It took a year to read the Bible, then almost 9 months to read the Apocrypha. Now, I'm going to try to offer reflections on the Narrative Lectionary. But, I won't be posting daily--at least, for a while.

Wednesday, August 6, 2014

Reflection on readings for August 6

The Lord is my strength and my shield;
in God my heart trusts.
(adapted from Psalm 28:7)

Ezra 3:1-4:23
They have returned but not to a perfect world. They can worship at the site of the destroyed temple but they are still in fear of the neighboring people. Rebuilding the temple meets with some resistance. After reading some of the history of Judah, King Artaxerxes concludes that they can be be dangerous so he forbids them to rebuild the temple.

In our own times, people in a community have felt threatened by the prospect of people of some other religion building a house of worship.

1 Corinthians 2:6-3:4
If we had created God--rather than the other way around, what kind of God would we have wanted? Paul is teaching the Corinthians what we may need to be reminded.

Paul is basing the success of his mission not on his own rhetorical skills but rather on the power of God. And what he is preaching is preaching Christ crucified.

Yet, it must be noted that Paul immediately does launch into rhetorical excellence.

He argues that if the leaders of their day had wisdom, they would not have crucified Christ. But, Christians have a knowledge that comes to them from God through the Spirit. We can learn from other people only what they have already known.

But, we, because we have received not the spirit of the world but the Spirit that is from God, can understand the gift bestowed on us by God.

Paul continues the contrast between what can be taught by human wisdom and what can be taught by the Spirit. What the Spirit teaches is intelligible to the spiritual, but not to those who are unspiritual.

Here's how Eugene Peterson expresses it in The Message:
[To the unspiritual,] they seem like so much silliness. Spirit can be known only by spirit--God's Spirit and our spirits in open communion.
I'm thinking of all the things we tend to be afraid of--people who don't look like us, or behave in ways that we just wouldn't, or somebody else getting to make a decision about something that affect us, and much, much more. We do spend a lot of our effort on focusing on our fears. I'm not sure that it's human wisdom that's led us astray so much as no wisdom at all. But, I'm sure that being open to what the Spirit of God had to say about such changes in our lives would help us to face them without so much fear and angst.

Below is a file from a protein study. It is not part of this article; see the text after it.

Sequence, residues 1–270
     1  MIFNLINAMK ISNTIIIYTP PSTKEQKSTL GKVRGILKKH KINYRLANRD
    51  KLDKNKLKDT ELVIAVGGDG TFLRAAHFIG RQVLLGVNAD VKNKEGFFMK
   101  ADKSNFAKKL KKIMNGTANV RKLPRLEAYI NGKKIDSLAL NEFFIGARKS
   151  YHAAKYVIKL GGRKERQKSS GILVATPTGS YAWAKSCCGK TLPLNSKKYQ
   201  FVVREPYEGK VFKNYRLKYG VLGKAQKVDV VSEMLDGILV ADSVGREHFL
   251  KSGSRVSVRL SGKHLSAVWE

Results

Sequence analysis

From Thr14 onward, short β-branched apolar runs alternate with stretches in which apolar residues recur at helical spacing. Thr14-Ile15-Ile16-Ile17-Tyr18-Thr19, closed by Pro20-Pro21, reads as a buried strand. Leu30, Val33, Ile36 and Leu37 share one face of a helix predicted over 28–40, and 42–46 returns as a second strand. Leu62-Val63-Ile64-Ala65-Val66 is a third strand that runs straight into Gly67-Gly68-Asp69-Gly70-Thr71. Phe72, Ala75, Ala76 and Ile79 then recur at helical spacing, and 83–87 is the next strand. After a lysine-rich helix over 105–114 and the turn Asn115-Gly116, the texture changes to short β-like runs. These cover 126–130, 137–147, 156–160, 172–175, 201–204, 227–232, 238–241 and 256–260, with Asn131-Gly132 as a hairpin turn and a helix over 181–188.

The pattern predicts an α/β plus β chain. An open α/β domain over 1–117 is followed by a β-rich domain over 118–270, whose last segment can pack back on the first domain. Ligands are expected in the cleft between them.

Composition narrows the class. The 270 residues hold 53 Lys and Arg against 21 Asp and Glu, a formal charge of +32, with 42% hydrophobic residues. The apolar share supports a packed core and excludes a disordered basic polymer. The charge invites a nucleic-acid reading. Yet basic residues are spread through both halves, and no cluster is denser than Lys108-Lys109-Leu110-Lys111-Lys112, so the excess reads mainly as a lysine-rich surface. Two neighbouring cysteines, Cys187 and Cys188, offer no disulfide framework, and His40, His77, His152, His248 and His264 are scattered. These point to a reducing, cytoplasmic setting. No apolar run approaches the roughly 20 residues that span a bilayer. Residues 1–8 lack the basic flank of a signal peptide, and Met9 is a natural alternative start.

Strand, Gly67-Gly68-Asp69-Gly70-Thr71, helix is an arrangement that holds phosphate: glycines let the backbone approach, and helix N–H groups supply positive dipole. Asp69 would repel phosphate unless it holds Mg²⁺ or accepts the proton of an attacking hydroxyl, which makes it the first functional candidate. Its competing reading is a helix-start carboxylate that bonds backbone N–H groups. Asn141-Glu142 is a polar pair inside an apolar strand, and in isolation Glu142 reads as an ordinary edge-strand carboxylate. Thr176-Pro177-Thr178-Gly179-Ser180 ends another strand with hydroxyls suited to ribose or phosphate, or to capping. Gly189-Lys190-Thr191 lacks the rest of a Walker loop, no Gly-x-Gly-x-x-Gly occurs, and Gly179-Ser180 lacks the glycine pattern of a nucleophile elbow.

Also, let us not read Paul to be saying that human wisdom has no benefit at all. Rather. we are always to use and to interpret what we've learned in a way that serves God's purpose.

"You weren't ready to hear it yet," Paul told the Corinthians, "and you aren't ready yet."

"I've told you some, but there's more to this Christianity stuff than you are able to grasp."

It may be disconcerting to us moderns to consider the basis for his diagnosis of immaturity--jealousy and quarreling among the church members.

Background information: The word "flesh" in Greek is "sarx." According to Carl R. Halladay in Preaching through the Christian Year A, sarx in the New Testament almost always has a negative connotation, "signifying an outlook that is essentially centered on the self and pursues one's own interests."

How many of the quarrels that we have in our congregations are based on our needs and interests and how many of the needs and interests of what Christ would have us think more important? Are we ready to hear more of what Paul had felt the Corinthians were not yet ready to hear? Are we ready to get ready?

Psalm 28:1-9

Proverbs 20:24-25
All our steps are ordered by the Lord;
how then can we understand our own ways?
It is a snare for one to say  rashly, "It is holy,"
and begin to reflect only after making a vow.

Prayer for Today: O Lord, help us to get along with the people that we care about--and those that we don't. Amen.

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